Wednesday, May 16, 2007

Pg. 69: Daria Snadowsky's "Anatomy of a Boyfriend"

Today's feature at the Page 69 Test: Daria Snadowsky's debut YA novel, Anatomy of a Boyfriend.

About the book, from the publisher:

Before this all happened, the closest I'd ever come to getting physical with a guy was playing the board game Operation. Okay, so maybe that sounds pathetic, but it's not like there were any guys at my high school who I cared to share more than three words with, let alone my body.

Then I met Wes, a track star senior from across town. Maybe it was his soulful blue eyes, or maybe my hormones just started raging. Either way, I was hooked. And after a while, he was too. I couldn't believe how intense my feelings became, or the fact that I was seeing — and touching — parts of the body I'd only read about in my Gray's Anatomy textbook. You could say Wes and I experienced a lot of firsts together that spring. It was scary. It was fun. It was love.

And then came the fall.

Among the praise for Anatomy of a Boyfriend:

This frank depiction of a teen's first sexual relationship will cause some eyebrows to rise and some faces to blush, but that won't keep most readers from eagerly turning pages to find out if heroine Dominique Baylor will lose her virginity to her boyfriend. Boldly tackling such topics as masturbation, orgasm and oral sex, first-time novelist Snadowsky confidently marches where few YA writers have dared to tread . . . her witty, first-person narrative and humorous accounts of all-too-familiar situations come off as genuine. Dom, a klutzy, lovable high-school senior, meets her first love at a football game at the most unromantic of moments, when she slips on the wet grass on her way to the Porta-Potty. A “blue-eyed boy,” whom she discovers is named Wesley Gershwin, helps her up. After e-mailing each other a few times, the two begin to date ... Dom considers changing her college plans to stay close to Wes ... this romance offers some insight into a girl’s new-found sexuality....
--Publishers Weekly

In this sexually explicit exploration of first love in the tradition of Judy Blume -- to whom this is dedicated -- 17-year-old Dominique falls hard for handsome track star Wes, a shy boy who clearly likes her but makes no romantic moves. At last, the ice breaks and the two teens embark on their first awkward sexual experiences. When they separate as they leave for different universities, suspense ensues as readers wonder if they will succeed. In her debut, Snadowsky describes the sex realistically, without embarrassment or prurience ... Snadowsky's narrative easily holds the reader's interest with well-drawn, realistic characters, flowing prose, dialogue and emails. Highly reminiscent of Blume's Forever....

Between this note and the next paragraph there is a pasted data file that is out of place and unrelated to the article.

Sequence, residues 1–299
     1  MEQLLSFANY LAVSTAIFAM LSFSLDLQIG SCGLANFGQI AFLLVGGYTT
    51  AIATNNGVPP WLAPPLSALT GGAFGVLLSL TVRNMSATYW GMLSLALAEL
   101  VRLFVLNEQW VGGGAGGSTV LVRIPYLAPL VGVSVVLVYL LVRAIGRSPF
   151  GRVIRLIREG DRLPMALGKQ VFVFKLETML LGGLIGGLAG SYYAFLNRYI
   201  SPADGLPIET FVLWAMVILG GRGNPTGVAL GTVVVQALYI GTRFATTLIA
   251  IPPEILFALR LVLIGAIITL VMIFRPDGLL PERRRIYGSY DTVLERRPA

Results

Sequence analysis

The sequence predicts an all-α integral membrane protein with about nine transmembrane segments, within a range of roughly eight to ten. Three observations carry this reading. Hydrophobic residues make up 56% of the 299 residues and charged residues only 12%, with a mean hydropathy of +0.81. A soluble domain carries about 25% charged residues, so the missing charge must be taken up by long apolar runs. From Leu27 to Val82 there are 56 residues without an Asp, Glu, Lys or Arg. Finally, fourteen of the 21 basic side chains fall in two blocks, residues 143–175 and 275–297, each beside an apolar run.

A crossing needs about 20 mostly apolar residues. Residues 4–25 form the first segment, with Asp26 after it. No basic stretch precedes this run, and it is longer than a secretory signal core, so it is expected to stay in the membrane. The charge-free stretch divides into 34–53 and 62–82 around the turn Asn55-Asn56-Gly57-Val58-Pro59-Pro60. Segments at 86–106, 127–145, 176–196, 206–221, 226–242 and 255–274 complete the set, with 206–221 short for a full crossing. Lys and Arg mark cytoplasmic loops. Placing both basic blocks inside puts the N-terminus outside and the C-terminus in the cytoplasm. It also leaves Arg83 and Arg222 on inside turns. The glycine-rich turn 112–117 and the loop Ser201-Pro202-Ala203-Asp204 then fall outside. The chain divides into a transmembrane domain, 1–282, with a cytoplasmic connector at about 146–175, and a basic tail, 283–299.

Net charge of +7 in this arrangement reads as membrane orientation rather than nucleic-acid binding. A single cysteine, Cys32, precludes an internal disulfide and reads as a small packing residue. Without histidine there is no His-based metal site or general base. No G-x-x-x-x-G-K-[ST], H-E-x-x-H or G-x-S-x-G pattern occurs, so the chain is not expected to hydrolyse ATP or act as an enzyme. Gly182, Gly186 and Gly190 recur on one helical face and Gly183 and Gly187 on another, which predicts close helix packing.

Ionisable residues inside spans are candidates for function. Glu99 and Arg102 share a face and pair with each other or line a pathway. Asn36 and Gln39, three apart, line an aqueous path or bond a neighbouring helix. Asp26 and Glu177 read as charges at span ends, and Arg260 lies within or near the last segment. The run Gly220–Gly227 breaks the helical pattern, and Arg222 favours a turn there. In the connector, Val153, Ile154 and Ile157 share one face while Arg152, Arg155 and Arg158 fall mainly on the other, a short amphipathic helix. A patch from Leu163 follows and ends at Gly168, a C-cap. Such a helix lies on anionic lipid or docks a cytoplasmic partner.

[An] honest look[] at how to navigate complicated and confusing times. "Anatomy of a Boyfriend" starts with the tried-and-true teen-lit girl tropes. The main character, Dominique Baylor, is rather average. She's a virgin high school senior with a more experienced best friend, Amy, who is always egging her on to show more initiative with boys. She has a good relationship with her parents, and she wants to be a doctor. Enter Wes. He's like the female [sic] version of Dom -- a perfectly socially acceptable guy who has very little experience with girls. Their courtship rings true; many false starts and long e-mails and confusion about what kind of relationship they're getting into precede the lusty high school romance. They swoon over each other in a way that is both sweet and cringe-worthy. They are each other's firsts -- first boyfriend, first lover. They have first fights and then first makeup make-outs after the fight. First-time author Snadowsky does a good job of rendering all these emotions while keeping the plot chugging along. Sometimes her descriptions of sex sound slightly clinical, but they are also real ... But going off to college proves to be a whole new ballgame. By extending the story beyond prom night, Snadowsky complicates the rather simple girl-snags-first-boyfriend tale ... it's a promising debut ... it posits thoughtful questions about what happens after you've achieved that teenage dream, the acquisition of a boyfriend, and the dream loses its luster.
--Reyhan Harmanci, San Francisco Chronicle

Visit Daria Snadowsky's website, MySpace page, and LiveJournal page.

The Random House website for Anatomy of a Boyfriend hosts a "build your own (ex)boyfriend" game.

Read an excerpt from Anatomy of a Boyfriend.

The Page 69 Test: Daria Snadowsky's Anatomy of a Boyfriend.

--Marshal Zeringue